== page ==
A letter ran recently in the Albany-based Times Union titled “Commentary: A repeal that would help fraudsters and hurt consumers.” The letter is an opinion piece written by Tod Neifert, an auto theft investigator, which calls for New York Gov. Kathy Hochul to veto legislation that would make the photo inspections currently required by New York Insurance Law Section 3411 and Regulation 79 optional. PIANY has long supported the legislation and the efforts to reform the photo inspection process. The letter has several inaccuracies and partial truths that deserve to be addressed.
Let’s start at the top, literally. The title of the letter is “Commentary: A repeal that would help fraudsters and hurt consumers.” Since the term “repeal” features prominently in the title, you might think that the legislation Neifert opposes would repeal the photo inspection requirement. You would be wrong. The legislation, S.6028/A.6877, does not repeal the photo inspection requirement. Instead it makes the program optional. The proposed legislation provides insurance companies the opportunity to waive photo inspection verification requirements to provide physical damage coverage for drivers. Insurance companies that no longer find a need for the independent verification for vehicles may cease to require the inspections, improving consumer experience and ensuring drivers have the coverages they paid for. Those carriers that find value in the program are free to continue to utilize it.
Old statistics vs. new technology
To support the effectiveness of the program, Neifert makes the claim that the year after the photo inspection program was enacted, “car thefts declined by 7% in the state … .” I have not bothered to check the accuracy of that figure. Honestly, it’s not that important since the information is over 30 years old! The photo inspection requirement became law in 1977. Neifert’s statistic covers car thefts that took place in 1978, a year in which there was only one Star Wars movie and people were using a literal club to lock their steering wheels. Those figures—no matter how good—hardily seem relevant in 2022 (and 10 Star Wars films later).
Since 1978, technology has developed by leaps and bounds to help carriers fight fraud in more effective ways. Starting in 1981, standard vehicle identification numbers were required for all on-road vehicles. The standardization of VINs has allowed for easier tracking of vehicles. For example, the federal government requires uniform salvage disposal, which requires insurers to report vehicles that are determined to be a total loss to the New York State Department of Motor Vehicles. In addition, insurance companies utilize ClaimSearch, a central registry for all property damage claims. Insurers are required to check this database before paying a claim. These are just two of the advancements since 1978 that have rendered the photo inspection requirement unnecessary.
Apples vs. oranges?
Another claim made by Neifert is that when Massachusetts got rid of a similar program, inspections declined while collision claims increased. It is unclear what correlation exists between photo inspections and collision claims. The photo inspection requirement was never designed to decrease the amount of collision claims. No one seriously believes that taking pictures of a car makes someone a better, more conscientious driver. Neifert is clearly implying that there was an increase in fraudulent collision claims, however, he fails to state that or provide any evidence that the increase in claims was due to fraudulent claims, instead of, say, just a routine increase in traffic accidents from one year to the next.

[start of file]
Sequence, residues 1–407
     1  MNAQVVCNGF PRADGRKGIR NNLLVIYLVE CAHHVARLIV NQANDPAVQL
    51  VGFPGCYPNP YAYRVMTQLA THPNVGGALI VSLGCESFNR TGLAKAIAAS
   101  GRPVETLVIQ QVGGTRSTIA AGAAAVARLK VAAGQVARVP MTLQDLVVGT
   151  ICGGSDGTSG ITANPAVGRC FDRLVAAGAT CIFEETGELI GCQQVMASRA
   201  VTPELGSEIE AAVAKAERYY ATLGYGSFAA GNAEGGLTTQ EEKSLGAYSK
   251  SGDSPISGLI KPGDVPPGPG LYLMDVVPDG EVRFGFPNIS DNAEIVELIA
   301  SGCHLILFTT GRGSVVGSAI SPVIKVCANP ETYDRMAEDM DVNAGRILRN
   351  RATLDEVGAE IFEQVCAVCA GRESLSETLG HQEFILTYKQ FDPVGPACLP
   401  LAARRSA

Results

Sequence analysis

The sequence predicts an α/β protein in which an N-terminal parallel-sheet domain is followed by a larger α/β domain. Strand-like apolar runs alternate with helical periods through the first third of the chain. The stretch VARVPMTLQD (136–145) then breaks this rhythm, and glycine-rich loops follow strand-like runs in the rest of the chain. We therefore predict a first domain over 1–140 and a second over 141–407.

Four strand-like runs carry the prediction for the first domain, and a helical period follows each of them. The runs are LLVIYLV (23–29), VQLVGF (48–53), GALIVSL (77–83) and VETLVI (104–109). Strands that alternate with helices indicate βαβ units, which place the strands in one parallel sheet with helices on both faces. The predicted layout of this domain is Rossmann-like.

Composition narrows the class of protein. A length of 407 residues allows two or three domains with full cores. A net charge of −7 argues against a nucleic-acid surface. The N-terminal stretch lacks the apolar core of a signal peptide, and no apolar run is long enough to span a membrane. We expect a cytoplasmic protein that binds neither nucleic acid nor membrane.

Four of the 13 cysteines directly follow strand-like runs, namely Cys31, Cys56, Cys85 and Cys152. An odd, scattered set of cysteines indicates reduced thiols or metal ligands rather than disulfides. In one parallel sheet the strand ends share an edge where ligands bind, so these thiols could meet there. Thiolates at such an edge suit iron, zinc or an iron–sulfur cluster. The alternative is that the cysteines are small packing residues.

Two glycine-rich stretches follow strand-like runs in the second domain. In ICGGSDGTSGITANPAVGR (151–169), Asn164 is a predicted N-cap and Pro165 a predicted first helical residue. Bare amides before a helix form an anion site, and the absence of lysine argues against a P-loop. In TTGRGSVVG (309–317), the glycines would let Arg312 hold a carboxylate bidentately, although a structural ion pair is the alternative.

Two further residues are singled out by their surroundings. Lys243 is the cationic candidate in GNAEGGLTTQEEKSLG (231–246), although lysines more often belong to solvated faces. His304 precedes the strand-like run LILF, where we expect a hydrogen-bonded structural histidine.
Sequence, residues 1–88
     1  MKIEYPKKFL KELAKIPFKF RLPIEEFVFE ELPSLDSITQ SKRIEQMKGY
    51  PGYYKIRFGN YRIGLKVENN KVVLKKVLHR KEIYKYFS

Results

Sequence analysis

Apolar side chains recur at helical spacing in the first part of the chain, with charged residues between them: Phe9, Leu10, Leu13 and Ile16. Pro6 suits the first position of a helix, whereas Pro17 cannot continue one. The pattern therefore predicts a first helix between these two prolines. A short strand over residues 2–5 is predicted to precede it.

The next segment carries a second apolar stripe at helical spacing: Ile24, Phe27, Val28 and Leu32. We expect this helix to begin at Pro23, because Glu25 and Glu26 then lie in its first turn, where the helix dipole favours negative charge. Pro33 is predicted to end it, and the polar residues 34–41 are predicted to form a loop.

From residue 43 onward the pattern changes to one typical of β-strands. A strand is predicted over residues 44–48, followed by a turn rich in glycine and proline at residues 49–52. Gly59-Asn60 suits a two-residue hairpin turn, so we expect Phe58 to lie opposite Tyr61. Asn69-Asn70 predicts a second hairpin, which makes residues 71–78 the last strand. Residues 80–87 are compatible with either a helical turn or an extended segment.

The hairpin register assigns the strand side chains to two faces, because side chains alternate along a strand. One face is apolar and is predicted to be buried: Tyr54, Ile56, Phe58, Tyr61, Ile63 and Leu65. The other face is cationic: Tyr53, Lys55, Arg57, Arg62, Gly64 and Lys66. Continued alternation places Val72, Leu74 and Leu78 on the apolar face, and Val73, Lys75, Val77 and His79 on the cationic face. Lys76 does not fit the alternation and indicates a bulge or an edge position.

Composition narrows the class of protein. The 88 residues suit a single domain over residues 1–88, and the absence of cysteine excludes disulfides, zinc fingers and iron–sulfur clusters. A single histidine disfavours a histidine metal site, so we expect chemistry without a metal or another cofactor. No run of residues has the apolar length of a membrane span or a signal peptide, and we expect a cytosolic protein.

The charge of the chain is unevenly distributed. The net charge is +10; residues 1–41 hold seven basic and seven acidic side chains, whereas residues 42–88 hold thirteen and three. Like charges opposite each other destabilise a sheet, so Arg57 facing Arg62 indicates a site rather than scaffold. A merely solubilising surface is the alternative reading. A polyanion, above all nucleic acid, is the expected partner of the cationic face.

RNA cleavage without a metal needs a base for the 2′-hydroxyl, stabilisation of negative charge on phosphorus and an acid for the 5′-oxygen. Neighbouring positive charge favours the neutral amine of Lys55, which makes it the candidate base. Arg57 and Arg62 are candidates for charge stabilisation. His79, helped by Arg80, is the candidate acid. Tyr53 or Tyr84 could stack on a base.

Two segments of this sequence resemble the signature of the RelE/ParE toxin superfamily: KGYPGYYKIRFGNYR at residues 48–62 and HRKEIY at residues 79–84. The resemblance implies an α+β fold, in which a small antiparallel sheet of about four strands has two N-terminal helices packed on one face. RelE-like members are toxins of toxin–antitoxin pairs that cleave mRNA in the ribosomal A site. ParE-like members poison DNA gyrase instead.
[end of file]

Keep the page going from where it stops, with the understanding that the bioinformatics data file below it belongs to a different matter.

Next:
A burdensome requirement
Despite the lack of any true correlation between photo inspections and fraud, Neifert likely would argue the requirement is still valuable due in part to the simplicity in getting the process completed. Early in his letter, he refers to the photo inspection requirement as “simple.” However, in practice that is far from the truth.
Unfortunately, it can be very difficult for drivers to get these inspections completed. For many New Yorkers, the nearest inspection site often is more than 30 miles away with limited availability—hours during which these sites do photo inspections are often limited to a few hours a day, a couple days a week. This places an unnecessary burden on the driver who will spend more than two-to-three times the amount of time driving to and from the inspection site than it takes to compete the inspection.
Not addressed by Neifert is the fact that there are real consequences to consumers for failing to have a photo inspection performed. New York state law requires an insurance company to cease physical damage coverage for any driver who fails to obtain the inspection within the 14-day time frame. Drivers already would have paid for the coverage and they may not be aware of the abrupt cancellation. This creates a high risk that they may not have the coverage in place that they already purchased.
The photo inspection requirement, while once an effective tool, has outlived its usefulness. It now serves as more of a danger to consumers than a protection. For this reason, PIANY calls on Gov. Hochul to sign S.6028/A.6877 into law and make photo inspections optional.